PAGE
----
How Grocers Can Reap Benefits, Dodge Pitfalls of In-Store Restaurants
As on-demand grocery delivery services take off, grocers are continuing to fine-tune their strategies to encourage in-person visits.
Hy-Vee, for example, revealed it will open a Wahlburgers restaurant in Brookfield, Wis., as part of its plan to build, own and operate a total of 26 Wahlburgers restaurants. H-E-B and Winn-Dixie also plan to use in-store restaurants as an opportunity to increase foot traffic and maintain customer loyalty.
But as more grocers develop in-store restaurants, coffee shops and other value-added concepts to increase foot traffic, margins and customer engagement, they’ll have to consider what it will take to manage two businesses under one roof — or risk incurring costly operational expenses.
Navigating New Roles, Leveraging Existing Workforce
In-store initiatives like restaurants can be tricky for grocers to operate, as the influx of new foodservice roles will require new processes that accommodate different training from that of grocery employees. Further, employees filling the new roles will need access to communication from both facets of the store to ensure that they’re receiving the most pertinent information.
With this in mind, how can grocers efficiently train, schedule and engage foodservice employees alongside grocery employees? Grocery store leadership can follow a few best practices with digital workplace technology:
- Train existing employees: Adding a new in-store concept doesn’t mean that you need to hire new employees. Your employees want to learn new skills, and by offering training to their existing labor pool, employers can fill open positions, avoiding the costs associated with hiring new employees. Digital training tools enable employers to offer courses to every front-line employee, further streamlining the costs of upskilling the workforce.
- Ease the scheduling process: If manual scheduling, paper availability and verbal shift trading are your organization’s preferred methods, it’s crucial that the process becomes digital as your staffing needs become more complex. Transitioning scheduling to a digital workplace platform creates far less communication work for team leads, as they have access to better employee availability and can automatically alert employees to their shifts. This way, managers can be more productive on higher-level work.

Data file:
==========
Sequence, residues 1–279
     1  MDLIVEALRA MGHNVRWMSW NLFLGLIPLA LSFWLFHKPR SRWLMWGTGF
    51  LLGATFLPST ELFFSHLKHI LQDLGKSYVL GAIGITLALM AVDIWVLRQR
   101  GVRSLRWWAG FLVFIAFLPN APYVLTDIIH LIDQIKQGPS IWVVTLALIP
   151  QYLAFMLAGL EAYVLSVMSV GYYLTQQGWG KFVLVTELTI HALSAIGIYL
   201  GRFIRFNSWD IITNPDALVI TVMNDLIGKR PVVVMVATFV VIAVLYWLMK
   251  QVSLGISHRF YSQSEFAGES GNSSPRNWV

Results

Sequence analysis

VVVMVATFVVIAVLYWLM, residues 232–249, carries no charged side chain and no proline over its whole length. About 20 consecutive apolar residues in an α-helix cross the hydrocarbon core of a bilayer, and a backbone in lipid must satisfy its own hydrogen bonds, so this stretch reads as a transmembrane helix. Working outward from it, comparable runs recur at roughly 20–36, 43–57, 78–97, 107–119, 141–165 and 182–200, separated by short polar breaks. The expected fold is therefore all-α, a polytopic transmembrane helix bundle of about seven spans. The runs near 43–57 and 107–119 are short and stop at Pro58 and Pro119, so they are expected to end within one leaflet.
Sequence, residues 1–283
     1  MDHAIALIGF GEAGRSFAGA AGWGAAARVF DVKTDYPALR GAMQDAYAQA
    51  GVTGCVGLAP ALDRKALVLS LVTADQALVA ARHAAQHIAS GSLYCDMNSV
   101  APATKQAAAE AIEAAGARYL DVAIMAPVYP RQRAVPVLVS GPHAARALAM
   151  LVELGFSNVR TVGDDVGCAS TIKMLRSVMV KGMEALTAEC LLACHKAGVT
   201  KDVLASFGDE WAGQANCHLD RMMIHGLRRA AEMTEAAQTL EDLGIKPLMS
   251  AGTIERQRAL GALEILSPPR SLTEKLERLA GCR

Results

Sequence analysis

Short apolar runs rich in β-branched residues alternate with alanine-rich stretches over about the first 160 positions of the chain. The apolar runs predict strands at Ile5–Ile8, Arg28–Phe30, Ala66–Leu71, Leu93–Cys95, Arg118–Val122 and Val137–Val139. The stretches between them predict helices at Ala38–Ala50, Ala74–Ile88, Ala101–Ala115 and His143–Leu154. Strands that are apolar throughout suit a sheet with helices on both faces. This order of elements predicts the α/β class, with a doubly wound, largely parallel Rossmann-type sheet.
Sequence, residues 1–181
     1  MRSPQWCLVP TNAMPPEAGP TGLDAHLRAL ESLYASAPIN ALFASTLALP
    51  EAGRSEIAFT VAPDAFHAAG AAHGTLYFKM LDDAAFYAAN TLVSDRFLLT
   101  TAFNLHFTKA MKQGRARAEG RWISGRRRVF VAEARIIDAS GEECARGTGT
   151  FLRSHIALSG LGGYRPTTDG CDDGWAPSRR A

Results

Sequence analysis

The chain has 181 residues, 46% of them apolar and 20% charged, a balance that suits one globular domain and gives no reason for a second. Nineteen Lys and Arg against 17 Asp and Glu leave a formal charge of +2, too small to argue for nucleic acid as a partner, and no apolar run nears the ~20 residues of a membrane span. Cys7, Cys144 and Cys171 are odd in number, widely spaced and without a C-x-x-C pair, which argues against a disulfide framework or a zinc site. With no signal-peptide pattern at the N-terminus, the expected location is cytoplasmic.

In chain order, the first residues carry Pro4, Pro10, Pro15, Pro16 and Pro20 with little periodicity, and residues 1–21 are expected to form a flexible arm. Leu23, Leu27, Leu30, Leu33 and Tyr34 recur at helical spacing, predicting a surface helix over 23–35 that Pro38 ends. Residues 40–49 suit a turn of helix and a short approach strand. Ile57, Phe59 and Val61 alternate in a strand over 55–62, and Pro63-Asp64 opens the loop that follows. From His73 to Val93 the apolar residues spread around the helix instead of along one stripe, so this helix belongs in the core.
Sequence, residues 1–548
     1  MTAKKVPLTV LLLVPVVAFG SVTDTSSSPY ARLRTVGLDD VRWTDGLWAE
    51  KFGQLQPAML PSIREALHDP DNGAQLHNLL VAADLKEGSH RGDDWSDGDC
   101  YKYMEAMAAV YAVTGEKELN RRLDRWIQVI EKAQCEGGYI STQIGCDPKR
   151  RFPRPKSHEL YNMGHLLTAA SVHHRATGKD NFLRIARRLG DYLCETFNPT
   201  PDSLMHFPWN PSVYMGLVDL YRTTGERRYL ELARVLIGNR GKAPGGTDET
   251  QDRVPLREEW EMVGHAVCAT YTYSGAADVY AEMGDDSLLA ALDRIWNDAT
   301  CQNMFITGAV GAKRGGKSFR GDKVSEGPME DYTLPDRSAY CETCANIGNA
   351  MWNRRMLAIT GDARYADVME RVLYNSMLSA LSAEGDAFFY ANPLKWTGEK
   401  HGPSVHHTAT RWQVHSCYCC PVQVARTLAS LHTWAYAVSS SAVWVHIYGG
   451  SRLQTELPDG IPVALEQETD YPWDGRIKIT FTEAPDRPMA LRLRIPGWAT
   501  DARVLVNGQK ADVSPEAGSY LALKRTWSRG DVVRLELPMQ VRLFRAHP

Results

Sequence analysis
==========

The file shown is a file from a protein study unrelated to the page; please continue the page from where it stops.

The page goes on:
- Engage with employees using two-way communication: Communication too often travels only from the top down. By boxing front-line workers out of the conversation, leadership loses out on valuable insights from employees watching the customer experience unfold in real time. These insights are especially useful when launching a new side of the business. Mobile communication via direct messages, targeted channels and segmented chat helps create that valuable feedback loop.
- Cheer on hourly workers: Working front-line retail can be draining in the smoothest of times, and unveiling a new business function can make the employee experience more complicated. To drive engagement and reinforce good customer service, employers should recognize individual accomplishments regularly. Digital recognition via badges, leaderboards and mobile communication enables employers to deploy engagement strategies at scale. Employers that regularly recognize employees help position their business as an employer of choice, boosting employee retention.
While the multi-experience establishment is having a moment in the grocery sector and beyond, there’s no doubt that it can complicate day-to-day operations. Grocers can manage the uptick in activity and responsibility — and still reap the rewards of a tandem business — by trusting the right digital tools to simplify the daily workflow.